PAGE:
Monday, March 10, 2014

Book Reviews and Paying it Forward

Happy Monday, good people of the blogosphere! I hope you all had a fabulous weekend. Today I'd like to talk a little bit about your book reviews and what you can do for those folks who take the time to read and write a bit about your book. So, grab your mouse and let's get going!

Now, we all know how badly those one and/or two star reviews sting. But we read them, right? Please tell me you're reading them. Why do we subject ourselves to that? Well, if you're an author, it's likely because you want to learn what you did poorly, what you did well, and how you can improve upon future books.

Am I telling you to rip apart your manuscript and start from scratch because one person says how much they hated your book?


What I'm saying is this: If the reviewer takes the time to detail what they liked and didn't like about your book, you should take the time to read what they said and consider it very carefully. When it matters most, is when more than one person says the same thing.

We all know you can't please all of the people all of the time; but you can listen to what your reviewer is saying and not assume they're trolls who are marking your book down in order to boost their own.

So listen to what your readers say.

On to what you can do to show your appreciation for those who review your books!

Go to Amazon's Author Central and click on Customer Reviews. Scan down and see how many of them you marked as "helpful" when you first saw them (you can say you don't look, but we all know you do). If you didn't mark anything, go to the book's page and start clicking. I'm not telling you to do this with all the reviews, but if you want potential buyers to see the good reviews, mark them as helpful.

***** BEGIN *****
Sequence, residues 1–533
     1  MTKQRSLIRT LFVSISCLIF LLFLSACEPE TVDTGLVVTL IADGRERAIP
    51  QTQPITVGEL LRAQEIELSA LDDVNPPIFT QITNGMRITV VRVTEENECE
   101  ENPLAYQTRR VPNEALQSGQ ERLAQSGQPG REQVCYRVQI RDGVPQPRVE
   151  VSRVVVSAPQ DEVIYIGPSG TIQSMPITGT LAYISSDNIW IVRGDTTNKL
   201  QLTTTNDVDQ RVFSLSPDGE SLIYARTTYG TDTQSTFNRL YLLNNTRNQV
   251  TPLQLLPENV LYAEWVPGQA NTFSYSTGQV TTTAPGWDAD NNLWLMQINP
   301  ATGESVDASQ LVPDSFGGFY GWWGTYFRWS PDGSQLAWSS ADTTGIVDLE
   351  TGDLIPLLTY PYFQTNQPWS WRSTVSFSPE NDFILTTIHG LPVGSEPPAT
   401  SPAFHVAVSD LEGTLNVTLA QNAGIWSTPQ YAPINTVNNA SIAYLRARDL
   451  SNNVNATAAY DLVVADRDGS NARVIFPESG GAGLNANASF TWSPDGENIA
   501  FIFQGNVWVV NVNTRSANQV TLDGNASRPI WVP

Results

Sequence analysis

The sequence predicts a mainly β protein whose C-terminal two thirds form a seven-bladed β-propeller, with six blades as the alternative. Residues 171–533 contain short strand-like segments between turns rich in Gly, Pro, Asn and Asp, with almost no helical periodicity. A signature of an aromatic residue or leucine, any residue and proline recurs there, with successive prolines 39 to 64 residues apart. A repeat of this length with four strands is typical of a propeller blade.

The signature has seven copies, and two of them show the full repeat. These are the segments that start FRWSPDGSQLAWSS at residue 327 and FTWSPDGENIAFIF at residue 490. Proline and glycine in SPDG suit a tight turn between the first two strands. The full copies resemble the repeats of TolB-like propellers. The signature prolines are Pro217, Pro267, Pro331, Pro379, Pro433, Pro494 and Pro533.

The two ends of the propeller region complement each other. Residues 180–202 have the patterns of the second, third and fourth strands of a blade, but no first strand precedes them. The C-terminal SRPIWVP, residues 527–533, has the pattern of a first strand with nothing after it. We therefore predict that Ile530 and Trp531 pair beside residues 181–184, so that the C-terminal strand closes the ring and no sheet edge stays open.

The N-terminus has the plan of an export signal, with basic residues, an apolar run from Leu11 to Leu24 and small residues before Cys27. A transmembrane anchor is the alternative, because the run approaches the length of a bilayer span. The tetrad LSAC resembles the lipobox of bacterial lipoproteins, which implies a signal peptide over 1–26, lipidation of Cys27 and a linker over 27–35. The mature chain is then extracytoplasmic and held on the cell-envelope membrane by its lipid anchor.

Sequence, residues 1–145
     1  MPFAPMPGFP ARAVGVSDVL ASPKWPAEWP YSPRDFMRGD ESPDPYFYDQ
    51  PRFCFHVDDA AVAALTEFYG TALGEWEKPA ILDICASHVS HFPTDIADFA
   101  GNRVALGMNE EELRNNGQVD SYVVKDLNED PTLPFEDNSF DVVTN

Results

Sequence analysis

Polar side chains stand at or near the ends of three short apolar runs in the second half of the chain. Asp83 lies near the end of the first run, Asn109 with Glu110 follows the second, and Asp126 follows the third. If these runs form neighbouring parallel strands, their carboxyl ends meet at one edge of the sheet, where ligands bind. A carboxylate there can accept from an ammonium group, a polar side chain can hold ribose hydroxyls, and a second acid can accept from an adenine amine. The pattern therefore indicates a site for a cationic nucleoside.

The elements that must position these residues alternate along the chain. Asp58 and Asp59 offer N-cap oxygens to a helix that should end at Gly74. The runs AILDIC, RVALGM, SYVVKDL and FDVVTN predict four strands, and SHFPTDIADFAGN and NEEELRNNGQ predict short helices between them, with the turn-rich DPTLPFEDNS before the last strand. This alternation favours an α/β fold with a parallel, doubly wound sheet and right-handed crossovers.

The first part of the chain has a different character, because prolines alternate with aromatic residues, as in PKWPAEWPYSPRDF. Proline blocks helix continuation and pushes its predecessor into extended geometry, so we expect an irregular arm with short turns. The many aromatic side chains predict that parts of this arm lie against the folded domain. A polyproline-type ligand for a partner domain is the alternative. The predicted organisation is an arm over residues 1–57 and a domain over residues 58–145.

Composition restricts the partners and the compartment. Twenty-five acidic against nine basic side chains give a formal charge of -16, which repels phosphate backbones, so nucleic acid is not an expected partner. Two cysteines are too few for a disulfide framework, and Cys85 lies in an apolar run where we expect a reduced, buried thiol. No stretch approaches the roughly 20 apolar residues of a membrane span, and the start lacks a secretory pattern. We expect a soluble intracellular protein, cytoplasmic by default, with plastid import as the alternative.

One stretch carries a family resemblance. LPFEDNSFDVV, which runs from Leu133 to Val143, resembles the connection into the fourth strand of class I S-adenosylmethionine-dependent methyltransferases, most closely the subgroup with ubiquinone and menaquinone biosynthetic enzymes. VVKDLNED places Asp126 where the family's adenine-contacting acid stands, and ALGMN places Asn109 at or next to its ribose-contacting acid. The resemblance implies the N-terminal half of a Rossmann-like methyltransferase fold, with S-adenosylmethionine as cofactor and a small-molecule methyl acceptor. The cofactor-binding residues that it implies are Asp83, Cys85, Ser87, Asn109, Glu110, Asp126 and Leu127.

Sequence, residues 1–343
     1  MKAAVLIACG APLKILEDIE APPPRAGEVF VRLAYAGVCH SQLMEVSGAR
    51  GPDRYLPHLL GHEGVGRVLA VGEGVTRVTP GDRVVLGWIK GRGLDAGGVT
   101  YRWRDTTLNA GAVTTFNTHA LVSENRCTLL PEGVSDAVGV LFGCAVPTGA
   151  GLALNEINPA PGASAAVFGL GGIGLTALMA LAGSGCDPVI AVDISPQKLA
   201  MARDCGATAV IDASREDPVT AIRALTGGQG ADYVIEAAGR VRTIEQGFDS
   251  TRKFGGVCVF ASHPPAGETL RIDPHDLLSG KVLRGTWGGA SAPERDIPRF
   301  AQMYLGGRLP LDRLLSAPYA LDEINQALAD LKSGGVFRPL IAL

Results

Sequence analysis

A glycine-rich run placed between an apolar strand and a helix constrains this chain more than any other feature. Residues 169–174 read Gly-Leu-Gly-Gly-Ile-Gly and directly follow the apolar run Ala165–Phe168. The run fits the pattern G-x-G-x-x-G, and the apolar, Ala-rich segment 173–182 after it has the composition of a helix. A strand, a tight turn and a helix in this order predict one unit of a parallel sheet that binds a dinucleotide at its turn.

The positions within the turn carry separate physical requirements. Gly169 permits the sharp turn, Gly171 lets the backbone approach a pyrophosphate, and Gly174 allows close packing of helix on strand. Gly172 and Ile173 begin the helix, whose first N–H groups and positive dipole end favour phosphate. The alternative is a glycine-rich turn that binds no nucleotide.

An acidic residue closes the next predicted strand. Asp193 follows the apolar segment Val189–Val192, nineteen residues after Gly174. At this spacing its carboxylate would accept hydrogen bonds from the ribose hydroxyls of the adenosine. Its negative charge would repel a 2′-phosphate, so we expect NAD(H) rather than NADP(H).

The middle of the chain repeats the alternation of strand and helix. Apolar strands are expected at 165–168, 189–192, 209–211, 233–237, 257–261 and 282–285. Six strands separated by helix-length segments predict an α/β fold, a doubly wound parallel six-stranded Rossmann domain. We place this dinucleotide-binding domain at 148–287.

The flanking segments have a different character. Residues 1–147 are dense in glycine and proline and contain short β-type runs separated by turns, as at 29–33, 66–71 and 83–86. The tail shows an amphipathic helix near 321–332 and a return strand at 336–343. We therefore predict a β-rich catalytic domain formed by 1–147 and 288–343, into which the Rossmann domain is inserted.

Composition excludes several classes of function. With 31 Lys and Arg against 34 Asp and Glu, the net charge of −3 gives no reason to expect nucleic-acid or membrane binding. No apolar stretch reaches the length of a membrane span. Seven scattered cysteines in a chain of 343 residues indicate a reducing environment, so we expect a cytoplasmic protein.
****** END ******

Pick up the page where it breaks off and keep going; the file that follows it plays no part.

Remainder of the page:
This does two things: It jumps the good reviews to the top of the review list on your book's Amazon splash page, and it increases the reviewer's ranking. Why does this matter? Well, if I see a review by a top 1000 reviewer on a book, I'm much more likely to listen to what that person has to say. If they rave about the book, I'm also more likely to buy it. While you're helping the reviewer, you're also kinda helping yourself.

Go to Goodreads and check for new reviews. "Like" the new ones. If you feel so inclined, take a moment and write a note to the reviewer thanking them for their time and effort.

I know I'm the exception to the rule, but I usually apologize to a reviewer if they found my book lacking because I feel badly about wasting their time on something they didn't enjoy. Besides, it keeps the friendly lines of communication open between us. No need to be an asshat.

I review a lot of books. I notice the authors who take the time to mark my reviews helpful; and, I'm not ashamed to say, if I go looking for a new book to read and review, I'll go to their books first. I also appreciate those authors who pay it forward by sharing the reviews of others' books, take the time to comment with a simple "thanks for taking the time to write a review for my book" on my blog post, and who share the love once I use my time to write them a review.